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How Securities Are Traded • Process of Securities Issue – New securities issued in How Securities Are Traded • Process of Securities Issue – New securities issued in a primary market such as NYSE – Initial Public Offer (IPO)/Seasoned Issues – IPOs are typically smaller firms, no public history – Bond issue: (1) public offer is sold to public and later traded; (2) private placement - sold to few institutional investor and then held until maturity

 • Underwriting –lead bank forms underwriting syndicate to share with other banks share • Underwriting –lead bank forms underwriting syndicate to share with other banks share the commitment, which can be firm commitment or best-efforts basis • Shelf Registration –in 1982, SEC passed Rule 415 that allows firms to register securities for a 2 -year period and market them when needed • Underpricing – New issues are often underpriced – conflict of interest: a guarantee of issue success, less proceeds to issuing firm.

Trading Places • Secondary Market – trading of existing securities – adds liquidity to Trading Places • Secondary Market – trading of existing securities – adds liquidity to primary market – all exchanges are in the secondary market – most US stocks are traded on the exchanges; most bonds are traded over-the-counter (OTC) market • OTC Market – a loosely organized network of dealers linked by a computer quotation system • Third Market – exchange-listed securities traded in OTC • Fourth Market – market where traders trade exchange-listed securities directly between themselves

Trading Systems • Specialist System – A person in charge of 8 -10 stocks Trading Systems • Specialist System – A person in charge of 8 -10 stocks and smoothes out the supply and demand of the stocks – specialist sometimes provides liquidity by buying/selling on his/her account – performs broker and dealer function – specialist system exists in NYSE • Market Maker System – a market maker quotes a bid-ask price for a stock in the market for other investors to buy/sell stock; – market maker takes risk – OTC market/FX market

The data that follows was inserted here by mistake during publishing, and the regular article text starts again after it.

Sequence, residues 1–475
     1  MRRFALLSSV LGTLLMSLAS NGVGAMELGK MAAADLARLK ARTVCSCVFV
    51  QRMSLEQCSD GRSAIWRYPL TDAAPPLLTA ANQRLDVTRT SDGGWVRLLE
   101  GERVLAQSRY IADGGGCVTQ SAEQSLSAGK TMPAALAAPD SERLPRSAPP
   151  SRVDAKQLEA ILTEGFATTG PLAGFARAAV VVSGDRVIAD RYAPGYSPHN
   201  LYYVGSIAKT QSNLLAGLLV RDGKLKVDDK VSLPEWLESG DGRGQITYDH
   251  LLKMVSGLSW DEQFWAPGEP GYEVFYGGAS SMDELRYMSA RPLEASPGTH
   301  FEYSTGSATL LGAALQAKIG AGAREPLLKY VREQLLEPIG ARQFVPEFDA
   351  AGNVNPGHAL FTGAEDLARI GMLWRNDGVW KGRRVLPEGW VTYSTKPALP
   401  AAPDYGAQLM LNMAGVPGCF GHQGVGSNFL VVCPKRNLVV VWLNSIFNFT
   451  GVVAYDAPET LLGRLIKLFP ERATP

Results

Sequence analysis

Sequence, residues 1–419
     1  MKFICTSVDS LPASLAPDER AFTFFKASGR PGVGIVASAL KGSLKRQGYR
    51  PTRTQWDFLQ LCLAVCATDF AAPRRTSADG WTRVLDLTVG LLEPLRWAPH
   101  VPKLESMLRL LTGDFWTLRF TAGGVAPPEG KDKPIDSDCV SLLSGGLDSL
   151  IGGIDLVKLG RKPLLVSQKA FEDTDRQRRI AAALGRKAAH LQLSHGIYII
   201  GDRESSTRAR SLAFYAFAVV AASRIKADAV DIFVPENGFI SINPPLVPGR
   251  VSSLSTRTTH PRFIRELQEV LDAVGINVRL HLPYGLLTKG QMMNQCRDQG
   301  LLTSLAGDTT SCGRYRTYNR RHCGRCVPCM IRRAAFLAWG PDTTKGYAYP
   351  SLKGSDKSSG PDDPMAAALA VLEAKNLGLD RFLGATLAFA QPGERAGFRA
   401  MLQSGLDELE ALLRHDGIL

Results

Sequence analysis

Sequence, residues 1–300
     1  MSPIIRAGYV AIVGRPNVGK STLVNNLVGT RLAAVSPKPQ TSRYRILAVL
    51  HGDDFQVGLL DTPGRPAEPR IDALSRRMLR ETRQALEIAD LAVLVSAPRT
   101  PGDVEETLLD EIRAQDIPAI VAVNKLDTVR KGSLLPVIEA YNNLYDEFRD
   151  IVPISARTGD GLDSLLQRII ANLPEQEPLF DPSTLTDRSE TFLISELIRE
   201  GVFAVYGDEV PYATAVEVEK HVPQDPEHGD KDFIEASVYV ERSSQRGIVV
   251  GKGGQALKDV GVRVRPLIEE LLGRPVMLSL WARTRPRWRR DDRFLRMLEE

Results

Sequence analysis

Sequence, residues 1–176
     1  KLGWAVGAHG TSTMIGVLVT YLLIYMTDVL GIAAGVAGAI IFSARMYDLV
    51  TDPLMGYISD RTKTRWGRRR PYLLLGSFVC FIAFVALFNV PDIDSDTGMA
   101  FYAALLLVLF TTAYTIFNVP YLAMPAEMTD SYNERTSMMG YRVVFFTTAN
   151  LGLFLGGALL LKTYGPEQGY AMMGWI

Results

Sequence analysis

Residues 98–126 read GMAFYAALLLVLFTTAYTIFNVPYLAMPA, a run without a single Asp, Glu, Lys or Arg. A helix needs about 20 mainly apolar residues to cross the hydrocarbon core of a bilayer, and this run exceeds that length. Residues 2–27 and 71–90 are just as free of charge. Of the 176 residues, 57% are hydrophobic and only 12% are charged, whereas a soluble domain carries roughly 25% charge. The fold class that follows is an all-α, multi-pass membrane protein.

Trading on Exchanges • Trading Methods – Continuous Auction – Call Method • Settlement Trading on Exchanges • Trading Methods – Continuous Auction – Call Method • Settlement Method – exchange order must be settled within five business days; – often stock certificates are left with the brokerage firm, in street name. • Participants – commission broker (large retail brokerage firms’ employees) owns the largest seats, executes their clients’ orders – floor broker: independent broker and act for commission broker in trades

– registered traders, execute their own portfolios and few in number – specialists • – registered traders, execute their own portfolios and few in number – specialists • Types of Orders – market order: order to buy/sell at prevailing price – limit order: a order to buy/sell at a certain price or within a certain time period – stop-loss order: stop-loss order is an order to sell if the price falls below a certain level; a stop-buy order to buy if price is above a certain level --- these orders are accompanied by short sales. Buy <$40 Limit Buy >$50 Stop-buy order sell Stop-loss limit sell order

Regulations of Stock Market • Securities Act of 1933 requires disclosure of new issues Regulations of Stock Market • Securities Act of 1933 requires disclosure of new issues • Securities Act of 1934 established the SEC to enforce the 1933 act • Circuit Breakers: if DIJA falls below 250 pts from previous day close, trading halts for 1 -hr and if 400 pts, trading halts for 2 -hrs (also individual stock trading halts • Insider Trading Insiders are major shareholders, officers and directors. They must disclose their trades to the SEC, and cannot profit from insider information when trade

 • Margin Requirement Initial margin is the percentage (50%) of fund acquired from • Margin Requirement Initial margin is the percentage (50%) of fund acquired from investor; the balance is borrowed from broker. It is set by Federal Reserve System. Maintenance margin (MM): the amount below which there will be margin call from brokers. It is set by NYSE and the brokerage firm. – Below MM: investor must either send in cash or sell the shares – Above MM: investor can (1) do nothing, (2) buy additional shares without paying, or (3) increase loan. No Margin buy: buy 100 shares @$50; sell them for $70 1 -yr later Profit = $2000 (i. e. , $20 x 100) Return = profit/initial investment = 2000/5000 = 40%